France confirms Libya arms deal

French government denies link to release of six medics jailed in Libya.

    France has denied the arms deal is linked to the release of six medics jailed in Libya [AFP]

    Nicolas Sarkozy travelled to Tripoli to sign a nuclear and military co-operation agreement the day after five Bulgarian nurses and a Palestinian doctor sentenced to life imprisonment on charges of infecting hundreds of children with HIV were sent home.

    The presidency issued a statement on Friday saying he would welcome an "inquiry into recent developments in the relations between France  and Libya."

    Weapons embargo

    The deal is the first arms contract to be signed by Libya and a Western country since an international weapons embargo was lifted in 2004.

    "We're seeing a sort of systematic procedure to demolish a real French diplomatic success"


    Herve Morin,
    French defence minister

    A Libyan source said a $230 million contract was signed for Milan anti-tank missiles and another $175 million deal was reached for communications systems.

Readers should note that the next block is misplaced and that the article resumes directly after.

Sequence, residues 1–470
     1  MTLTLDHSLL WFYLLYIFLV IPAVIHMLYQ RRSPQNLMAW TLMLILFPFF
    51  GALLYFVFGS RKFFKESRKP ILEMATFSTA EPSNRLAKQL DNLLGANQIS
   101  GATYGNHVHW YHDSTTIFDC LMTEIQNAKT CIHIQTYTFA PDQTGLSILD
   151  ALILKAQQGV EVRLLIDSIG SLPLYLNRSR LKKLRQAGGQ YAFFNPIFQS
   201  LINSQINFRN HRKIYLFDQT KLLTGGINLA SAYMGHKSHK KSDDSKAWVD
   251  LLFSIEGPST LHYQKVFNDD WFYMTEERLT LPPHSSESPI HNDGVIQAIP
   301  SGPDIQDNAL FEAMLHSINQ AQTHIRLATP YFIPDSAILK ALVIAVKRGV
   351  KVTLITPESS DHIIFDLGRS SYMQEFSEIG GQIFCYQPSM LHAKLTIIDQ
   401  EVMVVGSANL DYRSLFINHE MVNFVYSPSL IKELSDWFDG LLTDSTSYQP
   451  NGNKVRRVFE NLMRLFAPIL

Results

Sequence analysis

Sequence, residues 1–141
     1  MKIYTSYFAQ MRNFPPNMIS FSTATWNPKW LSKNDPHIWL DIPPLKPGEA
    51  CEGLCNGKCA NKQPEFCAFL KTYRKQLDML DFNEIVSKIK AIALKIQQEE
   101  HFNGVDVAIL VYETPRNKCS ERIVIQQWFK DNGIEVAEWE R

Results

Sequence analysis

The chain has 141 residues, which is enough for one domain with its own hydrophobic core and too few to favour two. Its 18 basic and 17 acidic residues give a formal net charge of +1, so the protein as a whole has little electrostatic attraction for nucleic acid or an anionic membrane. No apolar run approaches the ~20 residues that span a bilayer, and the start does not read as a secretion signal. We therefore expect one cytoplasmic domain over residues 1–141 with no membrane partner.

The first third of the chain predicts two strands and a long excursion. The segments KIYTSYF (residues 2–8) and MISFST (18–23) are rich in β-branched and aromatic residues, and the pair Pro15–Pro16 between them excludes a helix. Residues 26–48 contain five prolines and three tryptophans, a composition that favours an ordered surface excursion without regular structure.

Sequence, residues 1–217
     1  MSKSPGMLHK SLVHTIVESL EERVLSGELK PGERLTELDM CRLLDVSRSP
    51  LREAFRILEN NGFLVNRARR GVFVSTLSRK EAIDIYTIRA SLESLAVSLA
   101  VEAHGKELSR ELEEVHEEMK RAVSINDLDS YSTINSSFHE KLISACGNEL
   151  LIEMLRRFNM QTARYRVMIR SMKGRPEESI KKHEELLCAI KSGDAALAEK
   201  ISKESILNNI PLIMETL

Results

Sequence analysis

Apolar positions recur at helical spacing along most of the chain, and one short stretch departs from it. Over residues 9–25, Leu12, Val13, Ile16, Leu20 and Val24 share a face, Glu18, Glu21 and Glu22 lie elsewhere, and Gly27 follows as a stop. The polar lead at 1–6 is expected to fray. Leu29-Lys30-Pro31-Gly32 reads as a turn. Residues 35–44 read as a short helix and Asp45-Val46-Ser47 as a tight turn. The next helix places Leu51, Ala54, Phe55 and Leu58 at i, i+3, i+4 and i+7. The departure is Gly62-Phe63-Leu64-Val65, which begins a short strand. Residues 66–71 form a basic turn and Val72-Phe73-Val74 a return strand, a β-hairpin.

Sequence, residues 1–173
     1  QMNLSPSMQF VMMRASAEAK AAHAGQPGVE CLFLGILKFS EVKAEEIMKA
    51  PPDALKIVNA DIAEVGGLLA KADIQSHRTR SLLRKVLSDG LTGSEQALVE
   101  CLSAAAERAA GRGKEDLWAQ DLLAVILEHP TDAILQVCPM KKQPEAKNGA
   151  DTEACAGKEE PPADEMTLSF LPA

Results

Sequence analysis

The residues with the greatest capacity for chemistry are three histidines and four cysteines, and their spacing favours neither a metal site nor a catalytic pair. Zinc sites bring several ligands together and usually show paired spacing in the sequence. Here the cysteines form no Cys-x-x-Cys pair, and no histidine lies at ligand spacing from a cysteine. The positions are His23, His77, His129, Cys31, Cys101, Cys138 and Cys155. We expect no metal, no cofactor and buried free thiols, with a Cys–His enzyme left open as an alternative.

"This [missile] contract is awaiting the signature of the Libyan client, and Eads is happy that the negotiations could be concluded," the company said in a statement.

    Herve Morin, French defence minister, said the groundwork for the deal had been done under the previous government which approved the sale of the anti-tank missiles in February, before Sarkozy's victory in the May presidential election.


    Morin said criticism from the Socialists was intended to discredit Sarkozy's part in securing the release of the medics after a mission to Tripoli by his wife Cecilia.

    "We're seeing a sort of systematic procedure to demolish a real French diplomatic success," he said.

    Broader agreement

    On Wednesday, the son of Libyan leader Muammar Gaddafi was quoted by Le Monde, the French newspaper, as saying that France had agreed to sell anti-tank missiles to Libya as part of a broader military agreement.

     

    Saif al-Islam Gaddafi said resolving the case of the medics had paved the way for the weapons contracts.

    David Martinon, Sarkozy's spokesman, admitted the president's visit had improved the climate between the two countries and may have helped the deal with Eads.

    "It's true that President Sarkozy's state visit to Tripoli was very successful because the negotiations for freeing the nurses had gone through just before and it seems that greatly accelerated things to the benefit of French companies," he said.

       

    SOURCE: Agencies


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